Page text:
There were overall 6 pairs of videos for a total of 12 videos: half of them depicted the prosocial behaviour, and the other half depicted the antisocial behaviour. To be included in the final sample, children had to watch at least two pairs of videos (overall 4 videos). The familiarisation stopped if the children watched 12 videos or if he/she looked away for 5 s. Once the children were familiarised with the videos, they were brought to an adjacent, communicating space equipped with cameras to monitor their behaviour/response. The child was seated at a table and the experimenter presented her/him with two pillows (one next to each other) on which the picture of the prosocial and antisocial human demonstrator was printed. The experimenter would then ask: “Which one do you like?”. The preference of the child towards one pillow or the other was considered as such if he/she showed an explicit action, for example, grasping one pillow, or putting the finger or the hand on top of it. The position of the two pillows was counterbalanced across children, so that half of the children saw the prosocial human demonstrator on the left, while the other half saw the same human demonstrator on the right side. The preference shown for either the prosocial or antisocial human demonstrator ended P1 (see Fig. 2 for a representative 18 month-old toddler choosing one character over the other). If the child did not choose after the experimenter asked for three times, the experimenter left the room after saying “goodbye” to the child.

Fig. 2
figure 2

Assessment of the preference between the prosocial and the antisocial character by a representative 18-month-old toddler. The toddler was asked “Which of the two do you prefer?” (left panel), and the choice was assessed by a clear reaching toward one of the two pillows (right panel)

P2 was designed to specifically assess whether children indirectly reciprocate the prosocial human demonstrator. Assuming a preference for the prosocial human demonstrator established in P1, P2 investigated whether children prefer to share their own goods with the prosocial human demonstrator. Specifically, we designed P2 to assess whether the child was able to take into consideration the reputation of the human demonstrator (observed in the familiarisation videos) and use this information to choose with whom to share. To this aim, at the beginning of P2, we placed a bowl full of candies on the table in front of the child. Then, the two human demonstrators entered the room, wearing the exact same suits worn in the videos and went to sit at the table next to each other in front of the child and repeatedly greeted the child by waving with one hand.

To assess indirect reciprocity, we measured requested sharing of the child after the two human demonstrators synchronously showed the child the right hand, as a sign of request. The request was only gestural and not verbal to avoid having a response that could reflect compliance (see Fig. 3 for a representative 18-month-old toddler sharing).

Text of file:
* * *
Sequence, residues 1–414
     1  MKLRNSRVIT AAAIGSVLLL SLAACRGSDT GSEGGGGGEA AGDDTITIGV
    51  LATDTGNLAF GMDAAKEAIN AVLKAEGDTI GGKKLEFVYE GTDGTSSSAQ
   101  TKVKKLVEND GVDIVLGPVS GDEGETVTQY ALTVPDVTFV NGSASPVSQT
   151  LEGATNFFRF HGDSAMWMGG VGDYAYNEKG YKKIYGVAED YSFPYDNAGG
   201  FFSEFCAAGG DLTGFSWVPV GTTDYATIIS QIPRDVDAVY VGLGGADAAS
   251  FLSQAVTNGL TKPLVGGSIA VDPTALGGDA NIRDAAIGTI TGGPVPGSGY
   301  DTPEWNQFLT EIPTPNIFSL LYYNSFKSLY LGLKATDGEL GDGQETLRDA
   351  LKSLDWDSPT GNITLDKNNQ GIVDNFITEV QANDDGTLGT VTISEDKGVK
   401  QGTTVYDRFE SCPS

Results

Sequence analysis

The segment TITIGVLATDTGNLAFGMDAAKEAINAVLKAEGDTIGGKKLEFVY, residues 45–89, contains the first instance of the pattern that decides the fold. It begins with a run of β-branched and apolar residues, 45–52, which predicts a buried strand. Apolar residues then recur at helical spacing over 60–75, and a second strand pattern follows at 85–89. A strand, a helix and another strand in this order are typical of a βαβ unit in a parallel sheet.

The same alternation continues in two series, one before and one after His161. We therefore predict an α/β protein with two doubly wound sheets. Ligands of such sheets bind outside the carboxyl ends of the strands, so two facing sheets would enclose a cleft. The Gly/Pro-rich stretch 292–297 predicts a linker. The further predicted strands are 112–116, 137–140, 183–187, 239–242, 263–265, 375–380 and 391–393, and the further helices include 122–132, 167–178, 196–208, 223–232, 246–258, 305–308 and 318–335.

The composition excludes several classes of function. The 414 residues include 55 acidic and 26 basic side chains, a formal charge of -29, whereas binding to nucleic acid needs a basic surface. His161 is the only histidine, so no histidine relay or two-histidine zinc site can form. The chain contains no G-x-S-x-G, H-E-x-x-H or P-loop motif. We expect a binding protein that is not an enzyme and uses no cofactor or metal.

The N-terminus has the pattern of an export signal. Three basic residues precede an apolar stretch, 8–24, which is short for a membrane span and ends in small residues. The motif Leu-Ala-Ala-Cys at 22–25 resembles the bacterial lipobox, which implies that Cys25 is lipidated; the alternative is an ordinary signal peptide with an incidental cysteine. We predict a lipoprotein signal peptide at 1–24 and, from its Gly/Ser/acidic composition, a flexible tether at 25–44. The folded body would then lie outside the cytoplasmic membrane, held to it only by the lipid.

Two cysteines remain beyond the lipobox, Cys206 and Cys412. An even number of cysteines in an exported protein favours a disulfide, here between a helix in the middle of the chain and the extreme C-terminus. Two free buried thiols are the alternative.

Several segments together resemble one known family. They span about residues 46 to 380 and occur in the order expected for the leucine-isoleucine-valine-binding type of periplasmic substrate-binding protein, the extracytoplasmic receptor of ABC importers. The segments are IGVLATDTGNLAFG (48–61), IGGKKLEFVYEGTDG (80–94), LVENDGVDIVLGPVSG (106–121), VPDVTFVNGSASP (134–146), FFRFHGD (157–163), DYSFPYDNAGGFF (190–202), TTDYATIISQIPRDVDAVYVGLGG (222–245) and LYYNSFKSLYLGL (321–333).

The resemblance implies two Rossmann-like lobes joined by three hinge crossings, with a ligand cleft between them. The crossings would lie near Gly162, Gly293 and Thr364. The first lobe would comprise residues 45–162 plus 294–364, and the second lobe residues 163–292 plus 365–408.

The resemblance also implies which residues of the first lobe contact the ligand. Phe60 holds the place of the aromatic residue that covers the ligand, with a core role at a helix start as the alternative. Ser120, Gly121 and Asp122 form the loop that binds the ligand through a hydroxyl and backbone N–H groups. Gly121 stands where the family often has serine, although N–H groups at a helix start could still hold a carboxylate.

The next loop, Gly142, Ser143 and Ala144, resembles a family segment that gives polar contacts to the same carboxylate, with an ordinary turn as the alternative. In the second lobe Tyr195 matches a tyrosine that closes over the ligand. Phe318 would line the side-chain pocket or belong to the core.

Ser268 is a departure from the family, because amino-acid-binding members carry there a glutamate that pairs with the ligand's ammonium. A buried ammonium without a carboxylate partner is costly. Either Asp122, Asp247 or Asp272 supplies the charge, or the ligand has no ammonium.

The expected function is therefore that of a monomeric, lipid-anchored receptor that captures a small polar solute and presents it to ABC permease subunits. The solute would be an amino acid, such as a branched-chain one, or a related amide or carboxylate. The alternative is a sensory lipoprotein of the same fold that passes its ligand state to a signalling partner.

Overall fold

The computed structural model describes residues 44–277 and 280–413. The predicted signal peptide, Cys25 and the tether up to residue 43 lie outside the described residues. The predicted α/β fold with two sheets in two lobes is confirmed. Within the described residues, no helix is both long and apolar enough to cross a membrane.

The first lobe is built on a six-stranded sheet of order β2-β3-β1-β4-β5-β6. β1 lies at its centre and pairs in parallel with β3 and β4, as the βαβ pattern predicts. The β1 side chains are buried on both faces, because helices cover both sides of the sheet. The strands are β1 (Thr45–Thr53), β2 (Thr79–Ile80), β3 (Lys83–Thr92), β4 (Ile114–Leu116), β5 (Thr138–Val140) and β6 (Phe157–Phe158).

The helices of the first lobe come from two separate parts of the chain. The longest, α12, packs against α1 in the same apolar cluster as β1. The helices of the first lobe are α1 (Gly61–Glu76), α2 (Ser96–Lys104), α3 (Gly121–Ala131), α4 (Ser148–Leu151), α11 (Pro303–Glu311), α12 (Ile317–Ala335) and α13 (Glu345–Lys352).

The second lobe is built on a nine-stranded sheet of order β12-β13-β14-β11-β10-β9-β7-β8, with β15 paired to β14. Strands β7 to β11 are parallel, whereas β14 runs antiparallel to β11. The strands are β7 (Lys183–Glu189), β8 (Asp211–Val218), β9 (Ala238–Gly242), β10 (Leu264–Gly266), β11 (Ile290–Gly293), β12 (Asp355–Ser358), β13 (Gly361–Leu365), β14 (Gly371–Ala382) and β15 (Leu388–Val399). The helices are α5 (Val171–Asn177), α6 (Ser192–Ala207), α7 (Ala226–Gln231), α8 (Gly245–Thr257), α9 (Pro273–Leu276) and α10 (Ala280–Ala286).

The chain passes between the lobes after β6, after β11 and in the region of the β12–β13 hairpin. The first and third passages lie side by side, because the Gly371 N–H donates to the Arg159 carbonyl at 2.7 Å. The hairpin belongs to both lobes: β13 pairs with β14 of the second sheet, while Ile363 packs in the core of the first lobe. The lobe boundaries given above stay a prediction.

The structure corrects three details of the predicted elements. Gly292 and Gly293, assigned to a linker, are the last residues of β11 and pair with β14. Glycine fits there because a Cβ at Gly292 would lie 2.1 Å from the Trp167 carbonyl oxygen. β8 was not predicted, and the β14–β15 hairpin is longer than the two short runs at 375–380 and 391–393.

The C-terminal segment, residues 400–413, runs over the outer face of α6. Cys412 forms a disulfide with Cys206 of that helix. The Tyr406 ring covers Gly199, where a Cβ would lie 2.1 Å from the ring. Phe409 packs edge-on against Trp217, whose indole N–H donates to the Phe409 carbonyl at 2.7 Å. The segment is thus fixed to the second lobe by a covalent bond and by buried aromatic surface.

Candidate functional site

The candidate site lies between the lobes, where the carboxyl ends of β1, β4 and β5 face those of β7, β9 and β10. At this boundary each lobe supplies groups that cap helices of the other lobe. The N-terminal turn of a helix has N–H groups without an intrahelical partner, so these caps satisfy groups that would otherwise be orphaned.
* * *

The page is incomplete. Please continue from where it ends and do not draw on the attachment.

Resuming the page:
Fig. 3
figure 3

Spontaneous sharing in an 18 month-old toddler. The two characters sat in front of the child (left panel) and did not produce any gesture unless the child did not show any behaviour. In that case (right panel), the two characters clearly manifested a sharing request by reaching out their hands to the child


Scoring and reliability

The choices of the toddlers in P1 and P2 were videotaped and their responses coded by a rater unaware of the condition. That is, the rater judged if the child chose the red or the green demonstrator (i.e., the colour of the character depicted on the pillow in P1 and the colour of the character in P2). In P1, a preference was coded as such if the child manifested an explicit preference toward one of the two pillows, such as reaching or grasping. A similar coding scheme was applied in P2: sharing with one demonstrator was coded as such if the child gave or reached to the preferred character with the candy in his/her hand. A second rater, also unaware of the condition presented, coded 50% of the children, chosen randomly. Interrater reliability was 98%.

Phase 1: Preference for prosocial or antisocial behaviour

Toddlers watched on average a total number of 9 videos during the familiarisation phase (M = 9.42; SD = 2.23). Thirty-two over 33 toddlers chose a pillow after watching the videos. The preference of the children was assessed with a two-tailed binomial probability test (see Hamlin et al., 2007; 2010; 2011; Dunfield and Kuhlmeier, 2010). Results showed that toddlers robustly preferred the prosocial over the antisocial human demonstrator, with 27 out of 32 choosing the prosocial over the antisocial human demonstrator, p < 0.001, two-tailed binomial test, 95% CI: 0.67–0.94 (see Fig. 4 and Table 1 in the supplementary material for the responses provided by each toddler).

Fig. 4
figure 4

Percentage and number of toddlers choosing either the prosocial or antisocial individual in P1 and P2. The graphs show that, both in the evaluation (left graph) and sharing (right graph) phase, toddlers preferred the prosocial over the antisocial character

Table 1 Distribution of responses of toddlers in experiment 1

Phase 2: Sharing and indirect reciprocity score